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Friday, November 28, 2008

Who has the support of the people?

This is a critical question that I haven't heard discussed in a real way.

Let us suppose that the government falls and the Liberals form a coalition with the NDP. The Conservatives are sent to the back bench and they start to make hell. Do you think that the Conservatives wouldn't be able to make it impossible for the coalition government to govern?

Remember that the Conservatives have the money in the bank to fight more than one election. How quickly would the Conservative Party make ads that underlined the differences between the NDP and the Liberals. Radio commercials that decree Liberal arrogance for throwing a 'coup against the people's democratic right to choice the government.'

How quickly will the election have to be fought? Or how quickly will the coalition government fall?

The Liberals and NDP can take over the government, but if they don't take the people with them they are in real trouble. The Conservatives have far more resources to turn the people against them. From a purely strategic point of few, if I were advising the Prime Minister, I would tell him, "let the government fall and take your chances."

(though I still think that things will calm down next week)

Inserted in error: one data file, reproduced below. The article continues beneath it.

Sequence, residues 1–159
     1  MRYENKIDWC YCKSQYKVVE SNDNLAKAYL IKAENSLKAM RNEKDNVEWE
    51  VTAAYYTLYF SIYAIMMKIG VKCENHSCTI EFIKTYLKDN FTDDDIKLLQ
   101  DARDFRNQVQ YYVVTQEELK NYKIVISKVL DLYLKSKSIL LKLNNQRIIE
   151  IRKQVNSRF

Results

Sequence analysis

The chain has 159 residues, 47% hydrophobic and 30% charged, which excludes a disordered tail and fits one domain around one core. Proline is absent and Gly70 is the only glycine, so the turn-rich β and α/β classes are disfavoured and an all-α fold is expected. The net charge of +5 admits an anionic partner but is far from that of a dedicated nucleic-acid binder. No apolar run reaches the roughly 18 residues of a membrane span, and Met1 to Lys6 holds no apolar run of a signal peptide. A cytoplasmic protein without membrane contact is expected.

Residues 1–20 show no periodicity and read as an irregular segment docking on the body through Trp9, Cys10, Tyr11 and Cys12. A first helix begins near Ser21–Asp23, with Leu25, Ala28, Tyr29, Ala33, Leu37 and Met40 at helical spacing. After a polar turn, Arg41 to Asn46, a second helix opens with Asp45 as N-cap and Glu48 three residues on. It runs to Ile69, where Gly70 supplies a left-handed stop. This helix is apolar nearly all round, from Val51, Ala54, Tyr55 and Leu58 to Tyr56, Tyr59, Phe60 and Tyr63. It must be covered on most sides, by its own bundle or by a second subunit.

Posted by Hugh MacIntyre on November 28, 2008 in Canadian Politics | Permalink


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Yes, the Conservatives certainly have more money, but is that the only measure of political support?

If the government does fall, the race will be on to blame the other guy for doing it. In that respect, the Conservatives will have an edge.

But if that really does translate into more votes, then we're in a much sadder state of affairs in Canadian politics than I thought.

Posted by: JJones | 2008-11-28 4:34:01 PM

In Mr. Harper's own words.

Solomon: So why did you write that letter to the Governor-General with Gilles Duceppe and Jack Layton saying in the event of a confidence vote situation do not call a snap election - are we to assume that therefore you're working to form a coalition?

Harper: There seems to be an attitude in the Liberal government - that they can go in, be deliberately defeated and call an election - that's not how our constitutional system works. The government has a minority - it has an obligation to demonstrate to Canadians that it can govern. That it can form a majority in the House of Commons. If it can't form a majority, we look at other options, we don't just concede to the government's request to make it dysfunctional. I know for a fact that Mr. Duceppe and Mr. Layton and the people who work for them want this Parliament to work and I know if is in all of our interests to work. The government has got to face the fact it has a minority, it has to work with other people.

Posted by: BJ Homes | 2008-11-28 10:02:34 PM

BJ the circumstances were a little different, but fundementally if Harper had formed a government back then he would have ran into the same problem.

There is nothing wrong with forming a new government without an election. Our system allows it. But you have to ensure that the reason is a good one and you have to be sure of the people's support. I think that polling data will come out late next week that will show us where the people stand. (at least to the extent that polling data can do that)

Posted by: Hugh MacIntyre | 2008-11-29 8:07:42 AM

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